After Neil and Gregg left, Willie “Wild” Sparks and David “Dynamite” Vega came into the picture. The chemistry was undeniable when we all got together and played those first couple of rehearsals. What made it so different was the fact that a bass player—the fonkiest bass player in the world—was the leading force of the group. And I don’t think that had ever happened before. That put a whole other twist on the band’s direction, because the thunder was out in front. We had to adjust to what Larry was doing, on top of being able to insert ourselves, like perfectly into… let me see, I know I’m getting ready to get deep, here… Like a puzzle! The pieces of the puzzle had to fit together just right, so that we could understand what we needed to do to support Larry. And so that’s what happened.

Graham Central Station had a gig that really started the ball rolling — resulting in signing to Warner Bros. Records.

We were playing regularly at this club called The Orphanage in San Francisco, and we had a huge following there. It was the perfect venue for Warner Brothers to come and check us out. We invited them to a showcase. By the time the representatives from Warner Bros. left, I think Larry had probably signed something — because it was a done deal. We were ready-made: there was nothing that they really had to do. We had our look together, which was heavily influenced by Sly & the Family Stone. We already had a brand and a following.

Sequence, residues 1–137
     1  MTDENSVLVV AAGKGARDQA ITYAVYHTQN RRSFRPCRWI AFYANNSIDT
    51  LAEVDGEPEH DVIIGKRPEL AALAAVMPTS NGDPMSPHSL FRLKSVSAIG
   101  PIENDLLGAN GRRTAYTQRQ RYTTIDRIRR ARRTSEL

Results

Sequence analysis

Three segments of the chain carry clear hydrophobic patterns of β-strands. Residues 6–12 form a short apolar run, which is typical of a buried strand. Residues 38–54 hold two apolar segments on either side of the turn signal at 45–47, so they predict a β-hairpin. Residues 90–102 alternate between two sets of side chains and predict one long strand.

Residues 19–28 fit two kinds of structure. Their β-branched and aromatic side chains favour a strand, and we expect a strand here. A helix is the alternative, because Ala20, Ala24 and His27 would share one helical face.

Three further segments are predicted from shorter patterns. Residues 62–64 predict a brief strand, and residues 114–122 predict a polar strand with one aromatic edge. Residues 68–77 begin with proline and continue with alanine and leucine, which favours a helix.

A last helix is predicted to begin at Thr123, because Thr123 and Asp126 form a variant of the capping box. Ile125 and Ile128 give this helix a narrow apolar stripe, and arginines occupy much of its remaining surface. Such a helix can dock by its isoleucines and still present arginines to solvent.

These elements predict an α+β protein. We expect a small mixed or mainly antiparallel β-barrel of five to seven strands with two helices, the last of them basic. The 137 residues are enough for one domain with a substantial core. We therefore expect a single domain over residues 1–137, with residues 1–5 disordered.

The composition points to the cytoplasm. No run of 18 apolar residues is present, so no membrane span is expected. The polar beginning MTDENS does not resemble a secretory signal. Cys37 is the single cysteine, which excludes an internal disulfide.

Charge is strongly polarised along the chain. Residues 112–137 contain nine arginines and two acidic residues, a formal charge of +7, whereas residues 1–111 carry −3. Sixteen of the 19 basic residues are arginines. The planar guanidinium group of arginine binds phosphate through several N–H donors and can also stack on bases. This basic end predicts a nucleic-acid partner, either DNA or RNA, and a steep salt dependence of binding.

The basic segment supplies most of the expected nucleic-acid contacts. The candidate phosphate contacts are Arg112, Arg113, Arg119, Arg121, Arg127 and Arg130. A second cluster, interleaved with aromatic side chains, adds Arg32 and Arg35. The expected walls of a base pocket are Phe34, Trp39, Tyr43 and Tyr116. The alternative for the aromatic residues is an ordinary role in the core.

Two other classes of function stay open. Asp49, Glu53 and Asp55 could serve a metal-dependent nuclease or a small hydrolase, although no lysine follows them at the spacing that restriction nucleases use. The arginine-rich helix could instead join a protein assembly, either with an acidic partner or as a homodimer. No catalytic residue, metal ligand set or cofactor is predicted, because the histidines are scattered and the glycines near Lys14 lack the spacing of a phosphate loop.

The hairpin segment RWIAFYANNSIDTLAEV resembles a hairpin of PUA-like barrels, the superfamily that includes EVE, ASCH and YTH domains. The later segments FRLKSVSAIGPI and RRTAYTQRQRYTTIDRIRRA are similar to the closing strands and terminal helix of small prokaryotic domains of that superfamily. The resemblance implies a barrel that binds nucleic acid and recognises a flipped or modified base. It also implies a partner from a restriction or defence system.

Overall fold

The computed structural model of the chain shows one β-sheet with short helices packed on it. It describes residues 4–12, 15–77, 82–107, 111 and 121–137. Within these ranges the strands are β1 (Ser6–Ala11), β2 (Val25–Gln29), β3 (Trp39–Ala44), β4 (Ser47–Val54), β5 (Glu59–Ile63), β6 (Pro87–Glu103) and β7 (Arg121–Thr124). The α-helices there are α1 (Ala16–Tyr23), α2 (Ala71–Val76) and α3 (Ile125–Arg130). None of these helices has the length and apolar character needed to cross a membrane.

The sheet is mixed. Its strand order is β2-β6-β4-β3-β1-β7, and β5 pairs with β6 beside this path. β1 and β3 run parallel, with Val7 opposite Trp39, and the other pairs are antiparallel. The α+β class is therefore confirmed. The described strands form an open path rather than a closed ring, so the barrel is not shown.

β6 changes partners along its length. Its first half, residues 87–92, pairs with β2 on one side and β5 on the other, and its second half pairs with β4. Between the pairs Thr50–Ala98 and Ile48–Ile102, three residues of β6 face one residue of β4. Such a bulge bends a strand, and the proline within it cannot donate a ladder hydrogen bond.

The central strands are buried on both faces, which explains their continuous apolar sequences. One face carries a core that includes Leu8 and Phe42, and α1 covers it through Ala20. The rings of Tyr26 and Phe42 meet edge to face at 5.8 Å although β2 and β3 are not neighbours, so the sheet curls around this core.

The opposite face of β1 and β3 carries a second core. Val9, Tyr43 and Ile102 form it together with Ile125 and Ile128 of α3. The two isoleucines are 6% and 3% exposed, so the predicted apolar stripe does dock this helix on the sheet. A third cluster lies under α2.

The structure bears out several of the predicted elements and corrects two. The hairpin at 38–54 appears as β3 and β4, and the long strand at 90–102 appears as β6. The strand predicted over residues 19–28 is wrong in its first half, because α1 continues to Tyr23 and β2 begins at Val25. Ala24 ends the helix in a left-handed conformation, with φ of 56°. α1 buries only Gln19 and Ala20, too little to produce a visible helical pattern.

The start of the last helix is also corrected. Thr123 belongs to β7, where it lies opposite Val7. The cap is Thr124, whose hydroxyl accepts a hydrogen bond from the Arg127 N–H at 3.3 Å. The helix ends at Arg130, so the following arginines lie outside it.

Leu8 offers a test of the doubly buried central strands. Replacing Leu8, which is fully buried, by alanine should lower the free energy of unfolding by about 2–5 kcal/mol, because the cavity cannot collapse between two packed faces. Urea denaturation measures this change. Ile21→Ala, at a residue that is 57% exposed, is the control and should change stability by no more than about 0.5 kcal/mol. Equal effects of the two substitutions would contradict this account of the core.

You commenced recording the first GCS album, which was produced by Larry with Russ Titelman. What reflections do you have on the production of that album? What was the atmosphere like at Warner Bros.?